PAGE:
8

Why is there a comma in the following comic?

You were planning on sleeping insider the deer for warmth, too? Shit. I didn't want it to come down to this, Joseph, but we're going to have to have a dance-off.

two men outside speaking

0

4 Answers 4

8

The comma in this case implies that listener was planning to sleep inside the deer for warmth, as was the speaker. Without it, the sentence would imply the listener was planning to sleep inside the deer for warmth, and for some other reason.

That seems like rather a lot of work for one punctuation mark, but in the spoken language the emphases in the sentence would indicate which the speaker meant.

7
  • Or the 'too' could be 'as well as me'... Dec 20, 2010 at 8:39
  • Does it mean a comma should have been put in a sentence "Mathematica supports OpenCL too." in this answer , too? Dec 20, 2010 at 9:05
  • @Jonathan Leffler, that was my point. That was what the speaker meant, and that's why the comma was necessary. Of course I may be reading too much into what may have been written. Dec 21, 2010 at 21:20
  • @Yasir, I must admit I'm not sure... Dec 21, 2010 at 21:21
  • 1
    @Yasir: Your example should not have comma. This is because it is previously stated that Mathematica supports CUDA, and the additonal sentence states that it also supports OpenCL. To be able to have comma, it would be if it said something like this: And don't forget Matlab and Fortran, all of which have CUDA support. Mathematica supports CUDA, too. In this case Mathematica is not mentioned in the first statement, and after, it is added as a statement that also Mathematica supports the same as the previously mentioned.
    – awe
    Jan 7, 2011 at 12:29
6

Most of us were taught to place a comma before a sentence-ending “too”:

We’re going shopping, out to dinner, and then to a movie, too.

But is that comma really necessary? “Too” in this context means “also,” but you’re not likely to see the sentence written like this:

We’re going shopping, out to dinner, and then to a movie, also.

No one seems to know how this particular quirk started, but it’s firmly entrenched in our over-cluttered writers’ brains. Even journalists do it, and modern-day practice is to strip news stories of as many commas as possible without hopelessly obfuscating meaning. Still, that niggling comma before “too” persists. The editors at the Chicago Manual of Style share their opinion:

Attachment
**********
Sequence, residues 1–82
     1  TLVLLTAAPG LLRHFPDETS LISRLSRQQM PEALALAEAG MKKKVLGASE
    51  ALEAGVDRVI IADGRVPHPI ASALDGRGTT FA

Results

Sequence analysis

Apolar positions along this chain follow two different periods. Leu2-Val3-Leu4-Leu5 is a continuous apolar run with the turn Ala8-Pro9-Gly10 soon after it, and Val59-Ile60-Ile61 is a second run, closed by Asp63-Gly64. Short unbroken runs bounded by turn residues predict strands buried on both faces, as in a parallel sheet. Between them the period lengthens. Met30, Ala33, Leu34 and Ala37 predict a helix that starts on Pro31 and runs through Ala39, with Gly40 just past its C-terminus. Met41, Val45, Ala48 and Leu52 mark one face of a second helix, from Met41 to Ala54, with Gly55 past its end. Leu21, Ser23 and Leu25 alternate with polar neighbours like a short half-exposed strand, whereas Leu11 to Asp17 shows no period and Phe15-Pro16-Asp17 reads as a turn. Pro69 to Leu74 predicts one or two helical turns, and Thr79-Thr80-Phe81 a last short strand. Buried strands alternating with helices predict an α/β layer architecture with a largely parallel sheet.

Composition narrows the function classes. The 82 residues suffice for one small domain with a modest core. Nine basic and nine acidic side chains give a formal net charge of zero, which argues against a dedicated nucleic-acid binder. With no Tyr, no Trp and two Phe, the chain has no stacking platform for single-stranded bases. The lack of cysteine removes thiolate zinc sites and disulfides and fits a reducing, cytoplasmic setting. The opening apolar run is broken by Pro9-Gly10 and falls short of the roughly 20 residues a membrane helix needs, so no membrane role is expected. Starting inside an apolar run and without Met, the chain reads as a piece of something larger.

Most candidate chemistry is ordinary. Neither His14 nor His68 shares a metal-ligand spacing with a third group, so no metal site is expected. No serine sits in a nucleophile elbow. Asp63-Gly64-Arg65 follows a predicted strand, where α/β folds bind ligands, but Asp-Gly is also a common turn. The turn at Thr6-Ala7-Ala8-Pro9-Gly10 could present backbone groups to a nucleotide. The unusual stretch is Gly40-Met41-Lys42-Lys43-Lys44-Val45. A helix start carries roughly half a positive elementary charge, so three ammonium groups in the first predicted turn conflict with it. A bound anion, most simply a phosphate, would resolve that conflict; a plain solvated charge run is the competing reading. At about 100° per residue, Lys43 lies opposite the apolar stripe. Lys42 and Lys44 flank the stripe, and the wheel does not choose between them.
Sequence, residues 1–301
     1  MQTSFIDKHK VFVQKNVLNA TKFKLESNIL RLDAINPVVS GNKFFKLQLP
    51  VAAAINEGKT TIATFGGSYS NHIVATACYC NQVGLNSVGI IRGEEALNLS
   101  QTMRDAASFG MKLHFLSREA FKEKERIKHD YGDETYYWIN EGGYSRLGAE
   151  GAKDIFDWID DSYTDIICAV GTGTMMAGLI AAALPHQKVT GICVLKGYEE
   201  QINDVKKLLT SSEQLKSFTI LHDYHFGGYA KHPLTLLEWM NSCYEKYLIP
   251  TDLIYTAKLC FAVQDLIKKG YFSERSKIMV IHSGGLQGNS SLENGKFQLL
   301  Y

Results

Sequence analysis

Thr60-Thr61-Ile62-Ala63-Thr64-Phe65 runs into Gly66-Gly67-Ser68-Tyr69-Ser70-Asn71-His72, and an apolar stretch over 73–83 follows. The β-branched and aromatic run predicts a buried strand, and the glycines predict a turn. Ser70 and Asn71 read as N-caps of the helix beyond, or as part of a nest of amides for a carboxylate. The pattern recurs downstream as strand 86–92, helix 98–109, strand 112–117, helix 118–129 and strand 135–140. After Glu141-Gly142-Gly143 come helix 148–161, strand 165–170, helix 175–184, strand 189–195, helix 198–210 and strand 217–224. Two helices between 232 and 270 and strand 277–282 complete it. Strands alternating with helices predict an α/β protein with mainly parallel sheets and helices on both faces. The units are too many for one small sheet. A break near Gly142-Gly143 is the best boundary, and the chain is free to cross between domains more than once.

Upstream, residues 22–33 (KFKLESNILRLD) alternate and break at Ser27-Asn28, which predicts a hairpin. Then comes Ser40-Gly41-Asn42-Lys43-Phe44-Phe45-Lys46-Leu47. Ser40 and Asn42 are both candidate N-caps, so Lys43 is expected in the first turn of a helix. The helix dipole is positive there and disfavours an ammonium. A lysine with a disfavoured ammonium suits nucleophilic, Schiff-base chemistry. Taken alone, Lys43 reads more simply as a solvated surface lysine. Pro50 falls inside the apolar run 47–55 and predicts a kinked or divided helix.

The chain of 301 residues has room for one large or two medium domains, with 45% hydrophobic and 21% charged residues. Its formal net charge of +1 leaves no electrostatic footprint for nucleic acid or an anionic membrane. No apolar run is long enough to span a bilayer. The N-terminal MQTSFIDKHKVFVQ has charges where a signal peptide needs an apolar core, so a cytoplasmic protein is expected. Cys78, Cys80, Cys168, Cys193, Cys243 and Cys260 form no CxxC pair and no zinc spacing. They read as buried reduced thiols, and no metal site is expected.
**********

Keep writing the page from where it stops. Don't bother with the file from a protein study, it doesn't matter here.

Use commas with too only when you want to emphasize an abrupt change of thought: He didn’t know at first what hit him, but then, too, he hadn’t ever walked in a field strewn with garden rakes. In most other cases, commas with this short adverb are unnecessary.

The bottom line is, there’s no clear rule that either specifies using the comma or forbids it. It’s the writer’s choice. The rules of grammar don’t often allow writers to have choices. It’s kind of nice to be thrown a bone from time to time.

(Source)

0

The example you provided is one in which the author pays particular attention to following the rules of comma placement. This looks like an old comic. In a modern publication, one might very well find:

You were planning on sleeping inside the deer for warmth too? Shit. I didn't want it to come down to this Joseph, but we're going to have a dance-off.

I always place a comma before too as a rule, but increasingly I find this is gradually becoming less of an issue, even in formal contexts and especially in American English.

As to why the comma is there in your example, that's an old rule some of us still happen to follow, depending on context.

2
  • 1
    There should be commas either side of a name interpolated into a sentence - even in modern writing. Dec 20, 2010 at 8:39
  • 1
    Indeed, there should, but in many works of fiction these days, one finds several arbitrary comma placements.
    – Jimi Oke
    Dec 20, 2010 at 14:50
0

A better question might be why isn't there a comma like such: "Shit, I didn't want it to come down to this..." The proper use of an interjection is either [interjection], [clause] or [interjection]! [clause] depending on severity. As for the [comma] too format, it seems to be a matter of style rather than a hard rule of grammar. "Too" is used almost like a conjunctive adverb; thus, separating it from the main clause with a comma seems like a natural choice.

Your Answer

By clicking “Post Your Answer”, you agree to our terms of service and acknowledge you have read our privacy policy.

Not the answer you're looking for? Browse other questions tagged or ask your own question.